For example: when we begin to read the scripture we first understand and “believe” God as someone who is the Creator of the Universe and its Preserver. He is one to be worshipped, the Ruler, the Guide of nature, external and internal, yet appear as if He were outside of world and external. He became incarnate into the world, lived in this world being human and God at the same time being “the pointing star.”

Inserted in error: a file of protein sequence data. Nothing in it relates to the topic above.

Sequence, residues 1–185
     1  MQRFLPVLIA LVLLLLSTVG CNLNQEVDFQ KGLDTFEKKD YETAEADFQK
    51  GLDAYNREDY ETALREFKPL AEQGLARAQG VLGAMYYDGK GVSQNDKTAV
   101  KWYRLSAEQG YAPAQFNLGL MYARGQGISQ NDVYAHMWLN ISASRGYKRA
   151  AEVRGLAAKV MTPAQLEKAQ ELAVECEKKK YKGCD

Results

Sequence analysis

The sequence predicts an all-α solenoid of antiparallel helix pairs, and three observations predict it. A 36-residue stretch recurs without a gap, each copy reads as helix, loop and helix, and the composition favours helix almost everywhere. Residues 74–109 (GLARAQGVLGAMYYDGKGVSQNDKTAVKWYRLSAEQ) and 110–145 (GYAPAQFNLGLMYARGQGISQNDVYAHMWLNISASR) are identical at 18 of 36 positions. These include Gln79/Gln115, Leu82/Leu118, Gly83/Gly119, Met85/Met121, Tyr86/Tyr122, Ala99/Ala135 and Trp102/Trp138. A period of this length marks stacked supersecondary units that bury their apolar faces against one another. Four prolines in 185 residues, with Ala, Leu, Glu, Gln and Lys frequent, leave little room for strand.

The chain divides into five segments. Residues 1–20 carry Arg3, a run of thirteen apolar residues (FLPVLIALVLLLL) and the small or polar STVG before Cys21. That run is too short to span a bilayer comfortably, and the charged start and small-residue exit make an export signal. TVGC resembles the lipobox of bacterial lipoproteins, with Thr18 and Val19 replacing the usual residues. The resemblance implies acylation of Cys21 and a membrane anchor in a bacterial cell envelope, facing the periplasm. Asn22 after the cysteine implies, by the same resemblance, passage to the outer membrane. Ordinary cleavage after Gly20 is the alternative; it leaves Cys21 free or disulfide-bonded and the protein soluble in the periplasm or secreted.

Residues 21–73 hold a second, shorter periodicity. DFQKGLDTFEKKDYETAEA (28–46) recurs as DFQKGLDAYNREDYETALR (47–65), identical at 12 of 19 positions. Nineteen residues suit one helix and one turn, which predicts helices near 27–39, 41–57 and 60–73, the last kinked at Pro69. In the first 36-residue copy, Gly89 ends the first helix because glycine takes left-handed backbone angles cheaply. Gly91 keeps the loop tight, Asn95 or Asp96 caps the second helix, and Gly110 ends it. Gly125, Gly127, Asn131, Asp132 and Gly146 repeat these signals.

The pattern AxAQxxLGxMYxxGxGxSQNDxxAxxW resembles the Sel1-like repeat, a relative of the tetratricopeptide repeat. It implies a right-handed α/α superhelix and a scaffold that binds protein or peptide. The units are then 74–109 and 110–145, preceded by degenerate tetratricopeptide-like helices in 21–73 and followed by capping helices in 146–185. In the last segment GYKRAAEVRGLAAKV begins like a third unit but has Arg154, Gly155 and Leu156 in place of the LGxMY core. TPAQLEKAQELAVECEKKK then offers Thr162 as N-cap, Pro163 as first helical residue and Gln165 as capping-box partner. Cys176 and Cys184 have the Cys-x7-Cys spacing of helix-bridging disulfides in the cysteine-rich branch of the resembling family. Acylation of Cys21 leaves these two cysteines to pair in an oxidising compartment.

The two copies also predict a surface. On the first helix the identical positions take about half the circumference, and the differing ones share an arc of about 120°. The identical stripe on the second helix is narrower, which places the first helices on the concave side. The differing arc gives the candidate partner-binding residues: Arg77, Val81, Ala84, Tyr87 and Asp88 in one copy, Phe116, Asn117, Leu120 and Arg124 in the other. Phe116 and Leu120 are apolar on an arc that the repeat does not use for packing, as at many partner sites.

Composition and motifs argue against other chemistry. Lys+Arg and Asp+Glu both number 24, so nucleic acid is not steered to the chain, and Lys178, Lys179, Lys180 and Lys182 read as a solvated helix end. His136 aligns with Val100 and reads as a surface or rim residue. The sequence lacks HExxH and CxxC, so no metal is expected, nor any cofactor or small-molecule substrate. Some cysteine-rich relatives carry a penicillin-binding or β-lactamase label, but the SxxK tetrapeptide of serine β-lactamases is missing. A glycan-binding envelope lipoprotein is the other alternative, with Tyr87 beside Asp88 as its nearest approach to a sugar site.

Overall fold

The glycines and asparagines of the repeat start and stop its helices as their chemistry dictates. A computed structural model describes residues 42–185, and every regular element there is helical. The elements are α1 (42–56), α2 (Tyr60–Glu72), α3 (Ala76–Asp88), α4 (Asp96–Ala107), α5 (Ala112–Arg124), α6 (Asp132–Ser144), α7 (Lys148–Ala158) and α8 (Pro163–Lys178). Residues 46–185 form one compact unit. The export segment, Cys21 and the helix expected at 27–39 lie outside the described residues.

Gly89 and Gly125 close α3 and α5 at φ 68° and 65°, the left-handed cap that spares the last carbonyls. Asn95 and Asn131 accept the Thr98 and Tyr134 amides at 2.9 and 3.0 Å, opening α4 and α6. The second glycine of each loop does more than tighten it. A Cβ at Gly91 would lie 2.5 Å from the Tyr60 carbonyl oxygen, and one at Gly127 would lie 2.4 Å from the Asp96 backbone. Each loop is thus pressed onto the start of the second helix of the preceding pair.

Thus, if an attempt is made to think in an Indian theological speculation, it appears to say, “I believe,” it does not actually mean by that a propositional truth statement which contains absolute truth, as human intellect cannot fully comprehend God, but in fact it’s merely an indicator of a truth or pointer in the direction of a truth which, by definition, remains shrouded in mystery. This observation seen in the context of any theistic affirmations is there also in the Orthodox theology of apophatism.
Saguna pointing to Nirguna: An Indian Orthodox Christian Perspective –